Wednesday, March 15, 2006

Three parables: parable 2

A conservative and a liberal minister had been hotly at odds for several years over the doctrine of inerrancy, particularly in the area of scientific and historical matters. One afternoon, the conservative minister stopped by the office of the liberal minister and asked to see him.

"Sir, I have an apology to make," said the conservative.

"Oh?"

"Yes. I have been wrong. All these years I have been condemning your stance against inerrancy as heterodox. I have finally awakened to the fact that I was terribly sinful."

"What's that?" asked the liberal.

The conservative answered, "Well, I tried to find a chapter and verse that said the Scriptures were inerrant at all, let alone with regard to where it addresses historical and scientific matters. I couldn't find one. If there is no verse, then I was merely preaching opinions."

"So you finally saw the light that your extra-Biblical doctrines cannot be as authoritative as the Bible itself?" the liberal asked.

The conservative looked up in sorrow. "Essentially, yes. And it was wrong for me to make this extra-Biblical doctrine so important that it dissolved the unity we could have had together. Will you ever forgive me?"

7 Comments:

Anonymous Billy Bob said...

In addition to your other logical fallacies, you continue to hold to a false dichotomy. There are more degrees of certainty than merely baseless opinion and clear biblical mandate. For baseless opinion, it is best to keep your ideas to yourself. For clear biblical mandates, there must be a chapter and verse.

But there is also a lot more room on the continuum of certainty. As you go from opinion to mandate, the level of required proof increases, the seriousness of the offence increases and the level of continued fellowship decreases.

You give your position on worship music a high degree of seriousness (not as high as biblical mandate, though). But you only provide a level of evidence as if it were opinion.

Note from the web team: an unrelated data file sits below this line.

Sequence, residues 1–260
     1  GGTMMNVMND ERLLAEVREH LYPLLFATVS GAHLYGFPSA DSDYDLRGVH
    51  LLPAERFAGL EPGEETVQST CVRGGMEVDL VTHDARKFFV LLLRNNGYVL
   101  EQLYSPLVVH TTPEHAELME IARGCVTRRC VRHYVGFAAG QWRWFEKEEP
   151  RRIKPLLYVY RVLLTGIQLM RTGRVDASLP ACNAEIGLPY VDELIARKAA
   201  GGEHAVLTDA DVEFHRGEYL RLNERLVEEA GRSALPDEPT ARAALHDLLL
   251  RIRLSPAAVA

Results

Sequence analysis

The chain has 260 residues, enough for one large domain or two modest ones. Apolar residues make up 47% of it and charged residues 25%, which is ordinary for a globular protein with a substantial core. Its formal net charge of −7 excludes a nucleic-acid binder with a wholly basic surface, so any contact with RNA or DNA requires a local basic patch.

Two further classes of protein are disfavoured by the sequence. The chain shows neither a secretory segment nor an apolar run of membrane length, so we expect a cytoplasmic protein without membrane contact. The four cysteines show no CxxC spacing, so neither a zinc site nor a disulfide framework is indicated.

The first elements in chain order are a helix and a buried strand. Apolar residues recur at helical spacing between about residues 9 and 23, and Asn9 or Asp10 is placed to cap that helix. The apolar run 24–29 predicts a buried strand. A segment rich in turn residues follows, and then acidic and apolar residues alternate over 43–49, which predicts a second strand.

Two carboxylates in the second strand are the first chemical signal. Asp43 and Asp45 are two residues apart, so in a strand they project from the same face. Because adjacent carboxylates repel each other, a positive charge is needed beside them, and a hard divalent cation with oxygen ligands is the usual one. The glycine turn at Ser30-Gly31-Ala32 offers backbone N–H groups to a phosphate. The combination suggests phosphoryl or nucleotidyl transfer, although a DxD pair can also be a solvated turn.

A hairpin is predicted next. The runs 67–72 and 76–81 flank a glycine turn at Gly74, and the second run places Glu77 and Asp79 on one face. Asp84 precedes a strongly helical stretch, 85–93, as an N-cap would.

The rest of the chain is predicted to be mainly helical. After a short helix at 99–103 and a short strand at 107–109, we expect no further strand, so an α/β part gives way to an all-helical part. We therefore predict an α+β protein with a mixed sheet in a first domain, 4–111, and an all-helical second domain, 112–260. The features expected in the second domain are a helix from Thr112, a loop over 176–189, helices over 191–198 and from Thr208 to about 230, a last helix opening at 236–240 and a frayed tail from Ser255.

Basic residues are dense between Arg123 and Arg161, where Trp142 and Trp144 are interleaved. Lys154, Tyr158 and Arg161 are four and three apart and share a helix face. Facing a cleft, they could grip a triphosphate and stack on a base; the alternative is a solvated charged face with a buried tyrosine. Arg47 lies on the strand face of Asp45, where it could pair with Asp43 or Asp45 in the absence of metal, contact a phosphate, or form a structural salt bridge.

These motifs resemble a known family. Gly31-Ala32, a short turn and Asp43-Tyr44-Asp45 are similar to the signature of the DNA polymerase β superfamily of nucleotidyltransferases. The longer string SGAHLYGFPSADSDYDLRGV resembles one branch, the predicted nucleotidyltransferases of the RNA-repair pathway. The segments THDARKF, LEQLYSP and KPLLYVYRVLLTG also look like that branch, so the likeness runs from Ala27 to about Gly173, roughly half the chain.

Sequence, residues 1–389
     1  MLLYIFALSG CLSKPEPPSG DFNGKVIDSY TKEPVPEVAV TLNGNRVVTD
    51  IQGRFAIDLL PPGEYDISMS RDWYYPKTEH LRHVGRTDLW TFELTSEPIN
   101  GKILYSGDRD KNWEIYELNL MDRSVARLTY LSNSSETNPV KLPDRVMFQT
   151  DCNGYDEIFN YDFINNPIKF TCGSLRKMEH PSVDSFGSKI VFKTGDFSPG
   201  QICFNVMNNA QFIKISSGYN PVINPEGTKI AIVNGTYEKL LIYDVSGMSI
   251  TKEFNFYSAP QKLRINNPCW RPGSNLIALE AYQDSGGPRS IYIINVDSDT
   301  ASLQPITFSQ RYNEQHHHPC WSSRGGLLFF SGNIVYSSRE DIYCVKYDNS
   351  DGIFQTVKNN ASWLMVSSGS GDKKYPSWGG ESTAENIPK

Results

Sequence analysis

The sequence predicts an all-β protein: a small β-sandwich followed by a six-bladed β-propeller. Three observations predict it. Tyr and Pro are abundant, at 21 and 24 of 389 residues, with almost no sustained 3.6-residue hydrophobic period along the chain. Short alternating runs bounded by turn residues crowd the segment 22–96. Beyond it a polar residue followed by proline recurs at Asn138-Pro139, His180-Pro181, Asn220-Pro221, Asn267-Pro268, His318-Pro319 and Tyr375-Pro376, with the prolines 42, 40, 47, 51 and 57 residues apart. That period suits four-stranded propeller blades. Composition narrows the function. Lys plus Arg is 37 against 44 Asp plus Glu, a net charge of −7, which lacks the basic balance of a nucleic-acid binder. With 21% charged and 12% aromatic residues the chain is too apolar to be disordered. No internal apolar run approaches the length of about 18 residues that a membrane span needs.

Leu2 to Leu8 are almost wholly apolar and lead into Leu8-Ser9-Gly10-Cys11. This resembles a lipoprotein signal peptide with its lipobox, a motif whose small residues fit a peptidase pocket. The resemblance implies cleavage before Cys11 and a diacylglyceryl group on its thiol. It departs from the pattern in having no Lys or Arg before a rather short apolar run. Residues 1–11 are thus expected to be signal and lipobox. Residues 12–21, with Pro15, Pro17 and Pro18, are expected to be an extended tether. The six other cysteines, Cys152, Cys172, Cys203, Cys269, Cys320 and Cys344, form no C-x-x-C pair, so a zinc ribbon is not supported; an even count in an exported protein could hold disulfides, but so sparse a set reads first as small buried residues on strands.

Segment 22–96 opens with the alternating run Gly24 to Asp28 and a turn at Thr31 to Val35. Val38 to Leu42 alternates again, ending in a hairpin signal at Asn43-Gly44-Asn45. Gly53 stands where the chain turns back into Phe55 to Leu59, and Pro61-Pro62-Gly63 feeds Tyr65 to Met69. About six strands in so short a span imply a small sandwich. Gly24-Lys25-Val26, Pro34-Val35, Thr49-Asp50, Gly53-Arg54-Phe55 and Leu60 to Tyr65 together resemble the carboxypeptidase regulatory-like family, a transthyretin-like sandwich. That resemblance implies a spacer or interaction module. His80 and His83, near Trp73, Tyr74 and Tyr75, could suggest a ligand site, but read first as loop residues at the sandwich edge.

3/16/2006 01:20:00 AM  
Anonymous Anonymous said...

Another Parable:

A mother brought her daughter to the pastor's wife. She was clearly upset.

"Look at her!" the mother wailed. "She's dressed like a harlot."

Confused, the pastor's wife scanned the teen girl from head to toe trying to discern to what the mother could possibly be referring.

"The shoes," the mom blurted out, "don't you see the shoes? HIGH HEELS! I never wore a set of high heels until I was married! Tell her! Tell my daughter she is in sin!!!"

The pastor's wife stared blankly at the mom. Finally she said, "Well...I'm not sure I would call it sinful to wear high heels."

"Liberal. Compromiser. Is nothing sacred? Pseudofundamentalist. I'm going to Ryan's chuch where truth is truth!"

Allan

3/16/2006 07:09:00 AM  
Blogger Ryan Martin said...

BB: "But you only provide a level of evidence as if it were opinion."

My intent is not to provide evidence.

Allan: I actually heard a pretty good sermon on modesty by C. J. Mahaney. He had a lot of extra-Biblical conclusions, just the way I like them.

3/16/2006 08:53:00 AM  
Anonymous Anonymous said...

He did? Well I'm sure I will never listen to him again!

Allan

3/16/2006 09:03:00 AM  
Blogger Greg Linscott said...

Interesting Tidbit: I have a preview copy of Not Even a Hint by Joshua Harris that I recieved for review before it was printed. It originally contained a modesty checklist (compiled by Harris's wife and CJ Mahaney's wife and daughters) that was positively Fundamentalistic!

3/16/2006 12:51:00 PM  
Anonymous Anonymous said...

That checklist is available on the Sovereign Grace Ministries website (sovgracemin.org), or it least it was for a very long time.

Allan

3/16/2006 01:17:00 PM  
Blogger Ryan Martin said...

The "modesty heart check" list may be found here.

3/16/2006 04:34:00 PM